How was China governed?
The best way of understanding Chinese traditional local government is to look in the provinces, and here Pingyao provides a good example of local government in action. Local government was centred round the government offices called the Yamen – see the gateway above. This consisted of very extensive offices and accommodation, and in Pingyao the yamen has been restored and made into a Museum
The government of China was very different from government as we know it in the West in that it was entirely central. Right from the time of the Qin dynasty in 220 BC, China was divided into 30 odd provinces (originally commanderies) and was then sub-divided into counties: there were between 1,000 and 1,500 counties in all, a number which remained remarkably stable throughout Chinese imperial history.
Pingyao was one of these 1300 odd counties. It lay in the province of Shanxi, whose capital at Taiyuan lies 70 miles to the north. In the Ming Dynasty (AD 1300 -1500) most of these county towns were walled, and again Pingyao is very typical in this in that the walls and the size of the town were very much the norm – one must envisage there being somewhat over 1000 towns like Pingyao in late imperial China, in the Ming and the Qin Dynasties.
The government offices were called the Yamen. These were of substantial size covering between 3 and 5 acres, – around 2 ha –and accommodated a staff of 200 or more. Like the government in Beijing, they were arranged in six sections.
The county magistrate sat at the North facing south, just as in the Imperial Palace, and the administration buildings were to either side. It was said that the sections to the East were the departments of Life, whereas those to the west were the departments of Death.
On the East was the most important department of all, the revenue office which collected the vital taxes; there was the personal office; and also the Rites office, which we tend to forget, but which played an important – and very expensive role.
On the west however the most was feared department, the department of Punishments: we would call it the Justice department, or possibly even the law courts.
But the Chinese did not really have any concept of the Rule of Law, so it was the department that gave out punishments for deviating from the emperor’s wishes. And then there was the War office, and the office of Works – again vital in maintaining the roads and the walls – and rather expensive.
The size of the staff was substantial. At the head was the county magistrate who would have been appointed – in theory at any rate – from those who had passed the examinations. For the more important provinces, they would be chosen from the elite stream who passed the Metropolitan examinations; those appointed to remote provinces would mainly be those who had only passed the provincial exam. Under him there were 20 to 30 registered clerks working under the licensed head clerk, and many more non-quota clerks depending on local conditions. More numerous than the clerks were the runners, whose duties including all the menial work of the yamen.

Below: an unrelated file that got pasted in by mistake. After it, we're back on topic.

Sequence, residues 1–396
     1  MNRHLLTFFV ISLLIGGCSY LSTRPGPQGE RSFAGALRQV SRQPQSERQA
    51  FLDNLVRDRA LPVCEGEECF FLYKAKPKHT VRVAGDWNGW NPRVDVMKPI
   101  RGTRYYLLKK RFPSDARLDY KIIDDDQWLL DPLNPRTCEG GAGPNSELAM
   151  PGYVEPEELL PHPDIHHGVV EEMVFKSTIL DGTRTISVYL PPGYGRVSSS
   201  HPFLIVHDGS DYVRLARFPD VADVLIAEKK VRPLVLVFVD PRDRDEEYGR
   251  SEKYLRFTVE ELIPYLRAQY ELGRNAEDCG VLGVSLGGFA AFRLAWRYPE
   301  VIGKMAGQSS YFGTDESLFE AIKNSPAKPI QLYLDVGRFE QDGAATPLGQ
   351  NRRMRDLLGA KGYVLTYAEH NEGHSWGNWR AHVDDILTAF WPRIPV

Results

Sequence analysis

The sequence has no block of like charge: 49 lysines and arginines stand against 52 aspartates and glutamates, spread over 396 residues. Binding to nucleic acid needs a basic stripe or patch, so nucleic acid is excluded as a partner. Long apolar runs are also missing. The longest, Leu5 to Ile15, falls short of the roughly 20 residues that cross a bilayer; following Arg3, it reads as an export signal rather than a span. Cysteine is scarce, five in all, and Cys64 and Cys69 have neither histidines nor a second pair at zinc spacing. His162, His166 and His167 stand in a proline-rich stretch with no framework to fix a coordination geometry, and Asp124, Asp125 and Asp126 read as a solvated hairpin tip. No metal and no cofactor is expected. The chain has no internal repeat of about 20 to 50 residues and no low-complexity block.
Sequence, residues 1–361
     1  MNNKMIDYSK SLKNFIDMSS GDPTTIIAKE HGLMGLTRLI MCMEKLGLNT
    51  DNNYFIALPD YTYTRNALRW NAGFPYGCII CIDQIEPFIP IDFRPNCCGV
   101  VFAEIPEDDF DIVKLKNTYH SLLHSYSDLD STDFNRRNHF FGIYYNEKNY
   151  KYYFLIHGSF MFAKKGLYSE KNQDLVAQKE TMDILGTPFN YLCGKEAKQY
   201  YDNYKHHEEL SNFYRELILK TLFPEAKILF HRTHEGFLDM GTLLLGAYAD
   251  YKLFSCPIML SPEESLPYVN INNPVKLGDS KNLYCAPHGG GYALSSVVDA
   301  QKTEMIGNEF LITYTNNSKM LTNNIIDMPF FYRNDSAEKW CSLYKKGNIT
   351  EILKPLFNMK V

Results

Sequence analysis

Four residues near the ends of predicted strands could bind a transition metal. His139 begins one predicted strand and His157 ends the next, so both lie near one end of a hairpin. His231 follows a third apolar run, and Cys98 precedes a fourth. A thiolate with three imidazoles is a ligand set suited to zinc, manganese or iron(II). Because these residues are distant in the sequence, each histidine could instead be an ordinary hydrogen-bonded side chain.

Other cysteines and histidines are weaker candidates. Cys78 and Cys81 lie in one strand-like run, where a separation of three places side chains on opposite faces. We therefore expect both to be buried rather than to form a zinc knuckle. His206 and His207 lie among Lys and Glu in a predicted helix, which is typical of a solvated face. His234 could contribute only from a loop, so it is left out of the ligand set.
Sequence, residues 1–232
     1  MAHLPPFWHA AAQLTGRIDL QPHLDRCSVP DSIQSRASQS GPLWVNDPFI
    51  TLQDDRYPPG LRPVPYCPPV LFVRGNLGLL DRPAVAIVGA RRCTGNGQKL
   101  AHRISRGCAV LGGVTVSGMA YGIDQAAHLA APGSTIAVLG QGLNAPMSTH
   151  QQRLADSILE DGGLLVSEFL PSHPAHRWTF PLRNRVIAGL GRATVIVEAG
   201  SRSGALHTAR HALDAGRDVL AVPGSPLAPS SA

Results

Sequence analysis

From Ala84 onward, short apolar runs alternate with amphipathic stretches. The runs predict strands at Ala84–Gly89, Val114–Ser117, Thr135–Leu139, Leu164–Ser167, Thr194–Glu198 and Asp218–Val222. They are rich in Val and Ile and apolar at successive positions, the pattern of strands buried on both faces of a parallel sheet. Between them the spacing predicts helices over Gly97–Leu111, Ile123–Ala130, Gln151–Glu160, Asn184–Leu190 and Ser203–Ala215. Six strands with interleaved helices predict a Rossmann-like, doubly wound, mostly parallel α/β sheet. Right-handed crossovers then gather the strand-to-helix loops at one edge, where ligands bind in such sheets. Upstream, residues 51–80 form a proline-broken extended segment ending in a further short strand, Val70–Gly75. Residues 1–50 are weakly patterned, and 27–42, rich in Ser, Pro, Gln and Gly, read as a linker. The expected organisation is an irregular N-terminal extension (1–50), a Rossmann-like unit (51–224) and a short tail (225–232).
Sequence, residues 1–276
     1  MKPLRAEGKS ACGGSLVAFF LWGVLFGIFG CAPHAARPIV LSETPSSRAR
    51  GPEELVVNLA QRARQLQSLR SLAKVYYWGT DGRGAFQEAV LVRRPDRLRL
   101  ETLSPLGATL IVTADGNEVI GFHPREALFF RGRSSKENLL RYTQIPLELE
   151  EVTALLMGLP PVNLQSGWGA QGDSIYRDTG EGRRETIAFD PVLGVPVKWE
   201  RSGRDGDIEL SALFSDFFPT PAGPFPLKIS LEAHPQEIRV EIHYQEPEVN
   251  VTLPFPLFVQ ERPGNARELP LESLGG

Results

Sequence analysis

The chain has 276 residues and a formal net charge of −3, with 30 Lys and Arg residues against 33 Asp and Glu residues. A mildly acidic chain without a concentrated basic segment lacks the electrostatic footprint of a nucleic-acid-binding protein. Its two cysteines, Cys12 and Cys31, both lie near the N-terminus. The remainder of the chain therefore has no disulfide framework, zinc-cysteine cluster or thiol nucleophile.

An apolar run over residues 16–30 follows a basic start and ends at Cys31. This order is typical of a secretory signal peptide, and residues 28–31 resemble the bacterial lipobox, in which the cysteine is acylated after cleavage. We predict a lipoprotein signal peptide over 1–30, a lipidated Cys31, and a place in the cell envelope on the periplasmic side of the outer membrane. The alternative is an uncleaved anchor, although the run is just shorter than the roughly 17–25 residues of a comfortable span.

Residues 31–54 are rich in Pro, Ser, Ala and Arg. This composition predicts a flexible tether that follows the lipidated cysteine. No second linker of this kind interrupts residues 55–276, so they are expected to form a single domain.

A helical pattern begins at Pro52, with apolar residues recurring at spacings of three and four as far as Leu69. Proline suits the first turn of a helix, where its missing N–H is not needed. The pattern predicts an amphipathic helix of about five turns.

One one of the great successes of the Chinese civilisation was that the county magistrates, like most of the bureaucracy were appointed because they had passed the all-important exams. In the Han period (220 BC to AD 220) there was still the remnant of the old patrimonial system (fengjian) where appointments were made by family or dynastic priorities, but by the Tang period the prefectural/county (junxian) system and its examination routine was firmly established.
The other great rule was that the county magistrates should not serve in their home territory they should be outsiders which meant they were above the temptation of local prejudice, the ‘laws of avoidance’. They were appointed for three years after which they moved on, so they did not get involved with local factions.
Some sources say that they were not allowed to bring their family with them, but certainly in Pingyao there was a very adequate suite of rooms for the magistrate where he was encouraged to lead the life of a scholar, reading books, practising calligraphy, playing chess and musical instruments.
A fine bed was on display, as was an ornamented carriage which was presumably for the use of the magistrate
It is all very different to what we are accustomed to, here in the West. There was no concept of the town council made up of local people, the curia in the Roman empire or the town council in mediaeval England, nor of towns being chartered corporations. China was totally different with the magistrate being imposed from the outside, but chosen for his ability, and assumed to be neutral and impartial because he was serving in a province that was not his own. On the whole, the system worked well. You did not have to bother with all the wearisome business of elections and the changes and inconsistencies with a new regime – and it is certainly less divisive. It worked well for nearly two millennia: should we not note its strengths?
On to: Pingyao, Behind the scenes
10th December 2014